The victims and families of the Charleston shootings have been heavy on my mind this week, as I’m sure they have on yours. I’ve thought a thousand times of this beautiful prayer written by Jill Duffield and offered to Presbyterian churches–many of whom prayed it together in worship last Sunday, as we did at Providence. I thank her for her comforting words and for graciously allowing me to share it with you here.
Prayer for Sunday Worship in the Wake of the Charleston Massacre
Almighty God, our gathering together for worship and prayer is, this day, both an offering of praise and a show of courage. We come to this sanctuary mindful that even sacred spaces are not necessarily safe spaces. We bow our heads remembering our brothers and sisters in Christ whose last earthly act was prayer. We give thanks for the lives of your faithful servants:
Ethel Lee Lance
Depayne Middleton Doctor
Comfort their families and friends and strengthen them in the difficult days that are ahead. We pray, too, because Christ commands us to, for Dylan Roof and his family. Bring peace, transform hearts, show us again your resurrection power in places we cannot imagine it can come.
You tell us, Lord God, that perfect love casts out fear and the families of the victims of Mother Church and the people of Charleston have shown us what loving fearlessness looks like. Forgiveness has been extended, hands have been held, hymns have been sung, prayers have been lifted, unity has been demonstrated. The Goliath of hate and racism has not and will not win.
People of faith and prayer, slain after extending Christ’s welcome in God’s house, have left a legacy that cannot be gunned down. Their lives of love and grace have begat love and grace. The gifts of the Spirit that you gave them – gifts of love, joy, peace, gentleness and goodness – appeared defeated on Wednesday night, but on Thursday when people came together and sang, “We Shall Overcome,” and on Friday when words of forgiveness were spoken and a vigil packed a coliseum, and on Saturday when crowds gathered in solidarity to say that symbols have consequences, and today as we and countless others pray for peace and commit to being peacemakers, we recognize the gifts you gave those nine are unstoppable, exponential, inevitable and victorious.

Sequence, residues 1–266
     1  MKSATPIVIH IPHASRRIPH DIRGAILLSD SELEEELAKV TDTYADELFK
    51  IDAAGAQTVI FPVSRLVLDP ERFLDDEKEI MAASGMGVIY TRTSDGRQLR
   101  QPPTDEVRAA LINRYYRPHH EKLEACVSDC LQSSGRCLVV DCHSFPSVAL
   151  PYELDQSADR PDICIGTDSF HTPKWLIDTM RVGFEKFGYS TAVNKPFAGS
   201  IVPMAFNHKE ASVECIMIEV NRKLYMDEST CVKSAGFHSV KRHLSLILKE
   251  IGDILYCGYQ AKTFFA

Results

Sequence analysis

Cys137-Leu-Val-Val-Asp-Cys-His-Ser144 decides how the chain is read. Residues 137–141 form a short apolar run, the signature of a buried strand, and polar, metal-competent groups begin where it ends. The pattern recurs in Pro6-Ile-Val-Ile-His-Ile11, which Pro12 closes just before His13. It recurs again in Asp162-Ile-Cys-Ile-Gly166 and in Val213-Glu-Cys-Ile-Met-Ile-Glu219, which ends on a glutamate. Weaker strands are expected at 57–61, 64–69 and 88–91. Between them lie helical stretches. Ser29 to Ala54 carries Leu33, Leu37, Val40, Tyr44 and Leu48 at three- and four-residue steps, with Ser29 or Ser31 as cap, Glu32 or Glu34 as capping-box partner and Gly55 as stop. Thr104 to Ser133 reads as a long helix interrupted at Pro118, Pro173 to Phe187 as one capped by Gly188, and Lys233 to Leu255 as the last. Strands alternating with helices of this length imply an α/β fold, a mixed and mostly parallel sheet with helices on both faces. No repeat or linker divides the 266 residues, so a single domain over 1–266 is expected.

God of justice and compassion, you sent your Son for the sake of the world you love. He was murdered, his last words a prayer for forgiveness. Three days later he rose from the dead, his first words ones of reassurance, telling us not to be afraid because even death had been defeated.
Today we remember and proclaim: Violence and hate do not have the last word. The love of God made known to us through Jesus Christ, the Word made flesh, always has the last word. The Spirit’s crop of goodness and love and joy and peace and gentleness will not stop growing. Now is the time for us – people of faith, brothers and sisters of every race and background – to recognize these unshakable truths and in the midst of the storm, trust the power of the One in the boat with us.
We yield ourselves to you, Triune God, knowing you bring redemption, reconciliation and resurrection. Make us your witnesses. May your perfect love in us and shown through us, cast out fear and help transform the world.
A beautiful, inclusive prayer. I am so impressed by the diverse crowd of mourners. It breaks my heart they welcomed the killer in to join them and the betrayal he brought.